And that could be called something like Making Waves or Making Ripples. Where everything has an on-going effect. You know, we impact everybody in everything we do. And so when I see you and your work, that makes a different to me.

Sue Austin: That’s brilliant. So actually you’re giving – you’re suggesting a tool by which I can, in addition to these video clips about how people respond directly to the images, you’re suggesting I also create a space for people to actually report back on the changes it’s created in their work. And I love the title Making Ripples.

Josie Gould: And that would make a difference for you. Because then you would get the – you would receive the benefit of what you’d actually created as well. Because that energy that people were receiving from you can then be fed back again to you.

Sue Austin: You had an idea when you saw footage about the wheels which I thought was interesting.

Dal Sandhu: Yes I thought when you’re sort of gliding through the water, if the wheels are turning, it’s sort of mysterious. It’s sort of – they’re turning but why would they be turning in water? And I think you could get some interesting reflection off of the wheels turning. And it just adds to the whole grace of the movement.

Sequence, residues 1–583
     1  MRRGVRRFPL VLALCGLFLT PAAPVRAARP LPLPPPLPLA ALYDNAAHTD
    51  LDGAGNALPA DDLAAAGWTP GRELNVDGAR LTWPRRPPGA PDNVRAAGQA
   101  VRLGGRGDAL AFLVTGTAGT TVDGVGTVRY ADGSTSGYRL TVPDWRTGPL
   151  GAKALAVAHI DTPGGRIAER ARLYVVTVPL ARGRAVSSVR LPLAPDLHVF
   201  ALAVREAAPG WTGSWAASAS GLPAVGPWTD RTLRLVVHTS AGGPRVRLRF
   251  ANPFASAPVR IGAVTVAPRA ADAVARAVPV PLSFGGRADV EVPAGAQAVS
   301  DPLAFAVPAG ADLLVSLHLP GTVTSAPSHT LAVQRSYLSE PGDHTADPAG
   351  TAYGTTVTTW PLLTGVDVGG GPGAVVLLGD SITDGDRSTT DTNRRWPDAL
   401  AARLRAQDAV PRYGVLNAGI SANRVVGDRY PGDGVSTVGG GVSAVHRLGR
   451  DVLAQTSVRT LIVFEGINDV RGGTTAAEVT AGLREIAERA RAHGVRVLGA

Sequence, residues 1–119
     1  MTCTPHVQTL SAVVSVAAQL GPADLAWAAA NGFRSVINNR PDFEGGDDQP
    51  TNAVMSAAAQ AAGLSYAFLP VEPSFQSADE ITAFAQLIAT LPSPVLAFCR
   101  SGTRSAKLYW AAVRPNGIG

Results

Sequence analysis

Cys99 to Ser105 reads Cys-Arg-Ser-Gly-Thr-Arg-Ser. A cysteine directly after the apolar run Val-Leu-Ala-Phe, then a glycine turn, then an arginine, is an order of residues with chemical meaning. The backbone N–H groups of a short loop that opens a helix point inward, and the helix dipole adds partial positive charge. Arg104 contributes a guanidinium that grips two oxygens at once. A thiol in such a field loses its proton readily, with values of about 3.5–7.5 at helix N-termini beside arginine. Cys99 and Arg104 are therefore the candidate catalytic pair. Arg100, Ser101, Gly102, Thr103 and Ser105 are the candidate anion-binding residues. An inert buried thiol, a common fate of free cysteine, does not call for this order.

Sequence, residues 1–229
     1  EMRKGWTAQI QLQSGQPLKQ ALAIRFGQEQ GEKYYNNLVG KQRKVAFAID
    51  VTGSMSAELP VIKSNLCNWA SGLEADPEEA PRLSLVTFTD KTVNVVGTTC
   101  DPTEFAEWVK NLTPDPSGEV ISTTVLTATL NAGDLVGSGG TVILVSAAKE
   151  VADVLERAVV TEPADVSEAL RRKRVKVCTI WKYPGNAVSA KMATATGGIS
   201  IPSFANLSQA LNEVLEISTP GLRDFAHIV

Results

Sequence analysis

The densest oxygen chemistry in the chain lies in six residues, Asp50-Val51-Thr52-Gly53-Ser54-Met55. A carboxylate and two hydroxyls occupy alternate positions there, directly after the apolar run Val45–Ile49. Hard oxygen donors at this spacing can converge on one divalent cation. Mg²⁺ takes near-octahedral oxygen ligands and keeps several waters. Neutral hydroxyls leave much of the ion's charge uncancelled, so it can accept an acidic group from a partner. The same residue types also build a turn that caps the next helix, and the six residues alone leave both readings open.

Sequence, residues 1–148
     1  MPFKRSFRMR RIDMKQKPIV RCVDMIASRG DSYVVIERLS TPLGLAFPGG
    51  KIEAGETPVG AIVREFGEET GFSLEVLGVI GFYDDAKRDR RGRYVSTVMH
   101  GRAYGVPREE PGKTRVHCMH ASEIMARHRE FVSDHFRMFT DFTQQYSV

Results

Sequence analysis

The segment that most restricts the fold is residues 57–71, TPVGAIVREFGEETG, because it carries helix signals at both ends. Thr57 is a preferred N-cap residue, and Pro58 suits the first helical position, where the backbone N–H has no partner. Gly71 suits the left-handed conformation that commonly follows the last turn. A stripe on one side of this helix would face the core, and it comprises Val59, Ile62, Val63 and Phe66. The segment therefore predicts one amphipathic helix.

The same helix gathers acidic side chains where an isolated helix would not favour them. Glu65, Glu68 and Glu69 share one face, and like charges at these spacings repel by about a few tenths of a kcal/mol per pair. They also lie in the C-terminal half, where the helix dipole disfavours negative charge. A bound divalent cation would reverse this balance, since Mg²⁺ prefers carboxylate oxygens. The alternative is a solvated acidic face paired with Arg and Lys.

Sue Austin: And if somebody – some people haven’t been able to see the hydroplanes, when they’ve been acrylic and invisible. So some people might think somehow the wheels are actually powering the chair.

Dal Sandhu: Yes. That’s a point. Yes.

Sue Austin: So it might be quite – when you said that, I thought, “Actually that could really add to the kind of humour and the sort of misdirection and the intrigue of the piece.”

Dal Sandhu: Exactly. It does add to the whole strangeness of it.

Sue Austin: So we were talking about the design for the website?

Stephanie Green: (Laughter) I can just imagine you can sort of see a page with lots of little heads on it. And everyone’s kind of talking. And you can almost hover on them or click on them and find out what that person says.

Sue Austin: That’s exactly what I was imagining. So I was imagining there being various layers. So there’s one layer where you have all people talking about the underwater wheelchair. But nobody on the website actually sees what they’re talking about. So you just get all these people going, “Oh, wow. People thought it was bonkers. But I couldn’t believe it when I saw it.”